Another rain affected game that England was in complete control of. In the end, Sangakarra finally turned up, with support from Samaraweera to ensure the draw, but England helped by going through the motions and some minor injuries to their attack. Sri Lanka ought to first wonder why they failed to draw the series, given that Cardiff was the easiest of the late game batting tasks they needed to overcome; second they need to find a workable strategy for their attack, as it was completely out-classed by all but Strauss.
As a series, it never took off, its status as a warm-up, and the lack of meaningful context to place it in leaving some aesthetically pleasing highlights, a historic collapse and little else. Both sides will face opposition with more to prove in their next outings.
An odd match in that it was quite close, and a few key incidents might have reversed the result, but in which India never really looked like losing. A pitch that turned from day one helped keep the game moving, and proved for certain that India's next generation is a work in progress. The key innings though, came from the veteran, Dravid, holding fort and producing a defendable target. His dropping, by Sammy, an under-rated cricketer who had an otherwise decent Afridi-esque game, could have made all the difference. Those small moments peppered the West Indies game however, from letting Raina and Harbajan escape on day one, to soft and reckless dismissals in the chase of an otherwise gettable target. It might be India's seconds, but Dhoni knows how to get them to win.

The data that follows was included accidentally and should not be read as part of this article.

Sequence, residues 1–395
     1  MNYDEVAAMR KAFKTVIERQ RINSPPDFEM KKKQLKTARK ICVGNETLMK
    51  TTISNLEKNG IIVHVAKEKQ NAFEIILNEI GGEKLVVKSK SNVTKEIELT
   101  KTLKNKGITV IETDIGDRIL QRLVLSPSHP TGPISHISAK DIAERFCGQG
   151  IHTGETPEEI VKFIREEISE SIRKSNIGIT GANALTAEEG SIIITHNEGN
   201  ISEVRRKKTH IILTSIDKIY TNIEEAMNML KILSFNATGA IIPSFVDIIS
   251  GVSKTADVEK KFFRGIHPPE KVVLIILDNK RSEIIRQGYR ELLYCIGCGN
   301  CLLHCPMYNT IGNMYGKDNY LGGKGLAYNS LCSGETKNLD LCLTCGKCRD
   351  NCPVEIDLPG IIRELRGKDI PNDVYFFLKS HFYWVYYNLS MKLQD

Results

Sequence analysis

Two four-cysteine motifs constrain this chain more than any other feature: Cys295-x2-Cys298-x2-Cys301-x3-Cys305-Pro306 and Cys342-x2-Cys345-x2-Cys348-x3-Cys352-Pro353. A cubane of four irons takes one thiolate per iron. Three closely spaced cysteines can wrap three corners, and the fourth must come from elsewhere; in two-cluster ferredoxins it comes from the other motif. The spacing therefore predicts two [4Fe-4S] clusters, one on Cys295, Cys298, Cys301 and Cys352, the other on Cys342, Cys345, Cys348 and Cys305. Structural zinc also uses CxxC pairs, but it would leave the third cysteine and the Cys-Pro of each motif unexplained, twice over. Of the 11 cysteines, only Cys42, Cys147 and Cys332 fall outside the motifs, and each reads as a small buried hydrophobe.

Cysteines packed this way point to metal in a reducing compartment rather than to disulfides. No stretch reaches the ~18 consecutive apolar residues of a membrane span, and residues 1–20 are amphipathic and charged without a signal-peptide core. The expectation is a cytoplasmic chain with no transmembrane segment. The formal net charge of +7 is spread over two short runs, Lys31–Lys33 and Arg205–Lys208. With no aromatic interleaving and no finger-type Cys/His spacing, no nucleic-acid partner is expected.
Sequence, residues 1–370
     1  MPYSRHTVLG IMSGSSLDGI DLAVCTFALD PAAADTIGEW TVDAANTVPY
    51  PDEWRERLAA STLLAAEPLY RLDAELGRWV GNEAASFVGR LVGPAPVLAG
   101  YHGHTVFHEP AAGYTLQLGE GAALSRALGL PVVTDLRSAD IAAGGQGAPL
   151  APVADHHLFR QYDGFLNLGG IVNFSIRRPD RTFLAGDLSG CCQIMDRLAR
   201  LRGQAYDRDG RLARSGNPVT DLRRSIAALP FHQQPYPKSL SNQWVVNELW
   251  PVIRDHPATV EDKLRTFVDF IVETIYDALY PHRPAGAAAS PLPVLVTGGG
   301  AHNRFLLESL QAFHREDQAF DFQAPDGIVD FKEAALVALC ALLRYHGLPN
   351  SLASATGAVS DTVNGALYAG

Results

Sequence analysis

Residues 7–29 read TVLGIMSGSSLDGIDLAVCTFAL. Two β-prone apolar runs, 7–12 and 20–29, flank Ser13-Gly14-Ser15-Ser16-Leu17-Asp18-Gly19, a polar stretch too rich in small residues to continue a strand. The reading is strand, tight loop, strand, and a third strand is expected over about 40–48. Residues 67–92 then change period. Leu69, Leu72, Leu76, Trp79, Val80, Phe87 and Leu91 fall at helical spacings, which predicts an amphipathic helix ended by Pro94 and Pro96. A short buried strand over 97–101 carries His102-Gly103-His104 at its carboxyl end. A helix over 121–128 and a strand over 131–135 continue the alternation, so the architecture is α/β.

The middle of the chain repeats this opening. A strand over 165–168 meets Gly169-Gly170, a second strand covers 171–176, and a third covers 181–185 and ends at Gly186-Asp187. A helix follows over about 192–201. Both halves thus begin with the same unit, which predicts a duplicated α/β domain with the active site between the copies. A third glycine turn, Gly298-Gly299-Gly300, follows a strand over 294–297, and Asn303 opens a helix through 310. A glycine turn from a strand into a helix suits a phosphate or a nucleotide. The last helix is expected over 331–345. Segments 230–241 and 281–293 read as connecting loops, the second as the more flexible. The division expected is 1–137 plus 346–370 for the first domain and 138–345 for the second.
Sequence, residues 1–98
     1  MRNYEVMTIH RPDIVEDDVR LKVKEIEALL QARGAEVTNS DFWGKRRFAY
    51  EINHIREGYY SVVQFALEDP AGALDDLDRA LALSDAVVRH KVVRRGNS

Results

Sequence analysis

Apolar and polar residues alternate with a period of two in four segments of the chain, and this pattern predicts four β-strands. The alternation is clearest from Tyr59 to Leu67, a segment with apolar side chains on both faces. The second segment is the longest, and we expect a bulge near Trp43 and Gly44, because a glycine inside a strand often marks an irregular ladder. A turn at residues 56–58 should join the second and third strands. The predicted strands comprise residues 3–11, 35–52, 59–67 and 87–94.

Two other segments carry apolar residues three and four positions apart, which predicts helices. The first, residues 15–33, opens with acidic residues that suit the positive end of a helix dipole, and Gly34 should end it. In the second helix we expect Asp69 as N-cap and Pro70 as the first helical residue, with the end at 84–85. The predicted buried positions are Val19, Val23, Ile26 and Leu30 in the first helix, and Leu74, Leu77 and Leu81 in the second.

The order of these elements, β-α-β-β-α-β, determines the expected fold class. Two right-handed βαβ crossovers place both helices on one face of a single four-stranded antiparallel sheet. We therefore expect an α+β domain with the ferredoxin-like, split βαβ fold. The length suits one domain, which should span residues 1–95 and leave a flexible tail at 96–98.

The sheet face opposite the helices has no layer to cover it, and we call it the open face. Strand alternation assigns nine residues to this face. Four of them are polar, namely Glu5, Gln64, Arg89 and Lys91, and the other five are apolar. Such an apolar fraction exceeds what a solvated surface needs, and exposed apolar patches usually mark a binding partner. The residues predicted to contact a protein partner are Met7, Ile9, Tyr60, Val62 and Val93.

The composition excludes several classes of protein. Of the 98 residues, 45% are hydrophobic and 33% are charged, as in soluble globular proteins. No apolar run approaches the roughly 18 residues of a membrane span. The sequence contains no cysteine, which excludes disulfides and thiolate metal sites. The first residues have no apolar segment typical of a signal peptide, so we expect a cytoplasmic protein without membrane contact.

For the West Indies, Barath displayed the same range of stroke-play that made him look like a star in Australia two years ago. He also displayed the same reckless shot selection that has stalled his career to date. They have a real talent in Bishoo and a balanced if not brilliant bowling attack, but they won't win games unless their batsmen score them some runs.
A draw, across both innings with no play on the first two days and only 177 overs were bowled in the match. It was, nevertheless, an exciting finish, as both sides angled in on first innings points, Netherlands falling short by just 3 runs, Scotland by 2 wickets. Majid Haq was the star for Scotland, anchoring the innings with 120 and taking two key wickets to stall the Dutch chase. Bukhari performed similarly for the Dutch, taking 5/79 and making a run-a-ball 50 to accelerate the chase after a 91 from Kruger. An interesting game, but the winner was rain.
Shaded teams have played fewer than 2 games per season. Non-test team ratings are not comparable to test ratings as they don't play each other.
Idle Summers 28th June, 2011 13:51:07 [#]